Government expenditures, the prospect for substantial economies is doubtful
and State and municipal investment expenditures are not under control. As
suggested above, a gradual decline in private capital expenditures seems
likely, unless the contemplated effects of increased military spending are
exaggerated and pressure for private capital expenditures again increases,
which might then require allocations of materials rather than credit controls.




-3By means of action in the monetary and credit field we can attempt to preTent or restrain a further expansion of purchasing power based on bank
credit, bat we can't do mueh, if anything, about purchasing power already
in existence, unless we want to take measures so drastic as to risk a
serious over-all decline in production and employment.
7* nevertheless, with fiscal policy inhibited and debt management reduced in scope, monetary policy may be able to play a relatively
more important role than in the recent past when it has been pretty completely dependent upon Treasury surpluses* If there is a decrease in the
demand for private capital funds the pressure on long term rates which
asserted itself last fall will be relieved. Maintenance of the 2 1/2 per
cent long terra rate on Government securities should not than require us
to put large sums into the market. Meanwhile, we could proceed further
with increases in short term rates, so as to encourage the banks to use
whatever reserve funds come into their possession (through gold imports,
return flow of currency, our purchases of long bonds, Treasury expenditures,
or otherwise) to purchase short governments from us, or we might even take
affirmative action by pressing sales of short governments from our portfolio*
8. This program would involve permitting bill rates and rates oa
outstanding certificates to begin to move up in the near future, issuing a
1 X/U per cent 1 year certificate to refund the June maturities, increasing
the discount rate, adjusting the scale of rates on tax savings notes, adjusting support prices on short governments other than bills and certificates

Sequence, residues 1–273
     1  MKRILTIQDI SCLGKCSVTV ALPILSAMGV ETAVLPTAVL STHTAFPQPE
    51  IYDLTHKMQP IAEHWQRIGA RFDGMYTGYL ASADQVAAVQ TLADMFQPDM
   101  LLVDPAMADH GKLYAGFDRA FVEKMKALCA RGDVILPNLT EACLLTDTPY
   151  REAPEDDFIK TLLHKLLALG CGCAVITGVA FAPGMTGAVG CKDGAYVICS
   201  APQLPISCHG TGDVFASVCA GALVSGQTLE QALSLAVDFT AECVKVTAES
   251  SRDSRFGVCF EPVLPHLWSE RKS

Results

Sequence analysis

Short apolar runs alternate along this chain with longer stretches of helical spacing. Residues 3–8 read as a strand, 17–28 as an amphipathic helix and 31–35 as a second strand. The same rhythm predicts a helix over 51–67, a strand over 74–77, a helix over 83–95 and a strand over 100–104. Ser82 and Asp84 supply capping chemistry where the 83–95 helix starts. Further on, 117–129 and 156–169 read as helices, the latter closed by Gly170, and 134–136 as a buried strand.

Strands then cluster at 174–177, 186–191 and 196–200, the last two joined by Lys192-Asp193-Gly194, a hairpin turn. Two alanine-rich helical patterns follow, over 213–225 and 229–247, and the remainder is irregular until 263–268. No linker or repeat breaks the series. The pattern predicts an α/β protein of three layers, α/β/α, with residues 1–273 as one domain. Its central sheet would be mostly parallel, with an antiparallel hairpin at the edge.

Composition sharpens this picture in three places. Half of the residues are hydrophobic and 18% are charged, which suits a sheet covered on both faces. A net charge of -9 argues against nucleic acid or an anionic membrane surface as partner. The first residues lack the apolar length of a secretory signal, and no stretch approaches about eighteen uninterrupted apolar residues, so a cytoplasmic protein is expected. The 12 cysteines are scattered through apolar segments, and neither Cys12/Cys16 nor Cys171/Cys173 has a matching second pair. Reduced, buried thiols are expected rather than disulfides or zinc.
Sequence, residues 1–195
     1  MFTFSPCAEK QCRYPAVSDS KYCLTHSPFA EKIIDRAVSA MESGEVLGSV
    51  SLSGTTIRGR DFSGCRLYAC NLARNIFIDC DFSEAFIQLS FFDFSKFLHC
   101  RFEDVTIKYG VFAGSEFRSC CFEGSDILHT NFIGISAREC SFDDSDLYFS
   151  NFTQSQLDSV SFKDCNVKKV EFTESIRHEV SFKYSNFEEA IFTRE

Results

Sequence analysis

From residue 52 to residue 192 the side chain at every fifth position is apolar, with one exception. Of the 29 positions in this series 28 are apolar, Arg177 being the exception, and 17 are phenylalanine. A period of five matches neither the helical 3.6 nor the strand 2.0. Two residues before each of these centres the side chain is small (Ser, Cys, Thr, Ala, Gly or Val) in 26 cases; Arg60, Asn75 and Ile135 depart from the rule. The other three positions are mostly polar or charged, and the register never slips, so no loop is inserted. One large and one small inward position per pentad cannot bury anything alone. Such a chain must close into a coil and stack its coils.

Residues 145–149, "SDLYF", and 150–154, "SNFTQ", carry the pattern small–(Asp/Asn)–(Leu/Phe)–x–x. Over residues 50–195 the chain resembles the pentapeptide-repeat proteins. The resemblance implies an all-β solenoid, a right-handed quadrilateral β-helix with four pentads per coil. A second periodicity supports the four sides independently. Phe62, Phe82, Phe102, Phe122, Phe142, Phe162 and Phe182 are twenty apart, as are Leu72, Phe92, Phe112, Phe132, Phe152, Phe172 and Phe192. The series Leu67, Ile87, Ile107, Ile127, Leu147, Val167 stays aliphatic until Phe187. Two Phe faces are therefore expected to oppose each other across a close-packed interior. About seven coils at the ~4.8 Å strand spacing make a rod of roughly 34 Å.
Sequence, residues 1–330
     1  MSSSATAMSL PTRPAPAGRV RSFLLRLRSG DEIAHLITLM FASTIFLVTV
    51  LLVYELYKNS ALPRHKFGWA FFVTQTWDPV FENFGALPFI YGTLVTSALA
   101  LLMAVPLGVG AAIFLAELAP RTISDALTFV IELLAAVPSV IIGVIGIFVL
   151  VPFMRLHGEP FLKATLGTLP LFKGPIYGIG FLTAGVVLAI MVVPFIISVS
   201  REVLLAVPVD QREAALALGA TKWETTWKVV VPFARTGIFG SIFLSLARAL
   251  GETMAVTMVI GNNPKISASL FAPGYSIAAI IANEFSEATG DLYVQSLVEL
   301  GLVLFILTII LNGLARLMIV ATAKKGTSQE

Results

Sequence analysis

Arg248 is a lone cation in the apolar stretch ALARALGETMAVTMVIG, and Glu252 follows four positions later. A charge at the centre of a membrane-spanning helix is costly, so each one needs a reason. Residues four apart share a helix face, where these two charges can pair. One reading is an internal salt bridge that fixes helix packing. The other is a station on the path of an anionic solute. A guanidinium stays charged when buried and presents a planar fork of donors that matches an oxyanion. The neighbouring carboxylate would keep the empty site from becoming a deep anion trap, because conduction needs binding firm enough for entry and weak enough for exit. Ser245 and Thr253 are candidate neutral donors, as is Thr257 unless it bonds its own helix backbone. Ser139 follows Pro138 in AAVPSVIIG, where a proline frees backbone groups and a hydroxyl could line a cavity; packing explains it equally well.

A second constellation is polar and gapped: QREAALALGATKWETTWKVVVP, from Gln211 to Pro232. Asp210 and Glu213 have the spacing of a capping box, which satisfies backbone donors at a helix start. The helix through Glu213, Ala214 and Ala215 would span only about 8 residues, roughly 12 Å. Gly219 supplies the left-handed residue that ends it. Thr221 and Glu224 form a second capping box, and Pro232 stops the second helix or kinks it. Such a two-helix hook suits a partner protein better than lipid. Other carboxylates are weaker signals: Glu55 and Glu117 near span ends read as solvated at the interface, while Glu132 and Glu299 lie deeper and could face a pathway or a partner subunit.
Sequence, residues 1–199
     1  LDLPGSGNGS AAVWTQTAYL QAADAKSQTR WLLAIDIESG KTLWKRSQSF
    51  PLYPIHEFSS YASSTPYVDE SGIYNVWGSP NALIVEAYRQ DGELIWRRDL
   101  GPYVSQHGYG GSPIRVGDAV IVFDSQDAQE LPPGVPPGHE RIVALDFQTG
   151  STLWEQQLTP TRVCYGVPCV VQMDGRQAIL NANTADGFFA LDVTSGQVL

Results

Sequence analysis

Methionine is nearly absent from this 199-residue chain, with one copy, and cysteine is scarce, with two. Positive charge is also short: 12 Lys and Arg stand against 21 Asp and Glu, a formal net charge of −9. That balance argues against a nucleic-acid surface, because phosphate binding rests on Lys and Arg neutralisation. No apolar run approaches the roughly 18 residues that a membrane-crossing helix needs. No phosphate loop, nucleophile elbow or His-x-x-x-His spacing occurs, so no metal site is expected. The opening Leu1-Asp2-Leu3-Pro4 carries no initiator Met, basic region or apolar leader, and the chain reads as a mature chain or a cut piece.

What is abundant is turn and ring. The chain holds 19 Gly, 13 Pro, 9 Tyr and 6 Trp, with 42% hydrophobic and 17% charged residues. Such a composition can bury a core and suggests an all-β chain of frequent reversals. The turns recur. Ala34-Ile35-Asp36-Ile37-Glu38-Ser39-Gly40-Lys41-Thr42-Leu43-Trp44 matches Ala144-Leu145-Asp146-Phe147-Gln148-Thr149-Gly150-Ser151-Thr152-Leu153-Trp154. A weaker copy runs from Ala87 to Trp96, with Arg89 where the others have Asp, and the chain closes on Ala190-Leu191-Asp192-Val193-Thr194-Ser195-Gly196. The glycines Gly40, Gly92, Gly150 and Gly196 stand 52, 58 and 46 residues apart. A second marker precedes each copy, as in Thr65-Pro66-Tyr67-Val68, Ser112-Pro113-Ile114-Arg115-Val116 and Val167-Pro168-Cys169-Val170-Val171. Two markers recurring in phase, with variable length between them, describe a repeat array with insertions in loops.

and probably eventually getting rid of the pegs on obligations with maturities up to 5 years* Consideration shou?i.d also again be given to permitting
the 2 l A * s of 59-62 to decline slightly below par, to bring them into line
with the rest of the market and to begin the process of getting rid of the



par bogey which, In any case, was never laeant to apply to all issues of
Government securities but n&inly to the longest terai 2 1/2 per cent bonds,
9* Whether further action (or further powers) will be necessary or desirable during the second half of 1943 depends on the future
course of business, credit, and the budget. Presently the total money
supply is down about #4 billion from the peak of aid-December 1947, and
the experience table for the next three months indicates no considerable
change is to be expected in this quarter.




YIELDS OF TAXABLE TREASURY BONDS
PER CENT

PER CENT

2.80

-

2.80

REST RIC TED

IJNR ESTI=*ICT ED

—
»
m

2.40

.
"""•—\L-—— _———
\——•"

—

'

'

—
—

z\1

2.00

2.00

"'• x
•

—

^—

—
1.60
—

—
—

1.20

2.40

1.60

—

/
r

-

.20

—

.80

.80

-

-

.40

0

.40

-

—

I

2

3




.

(

4

5

6

7

DECEMBER 24,194 7
APRIL 19, 1948
DECEMBER 23, 194
7

_

8 9 10 II 12 13 14 15 16 17 18 19 20 21 22 23
YEARS TO FIRST CALL OR DUE DATE
(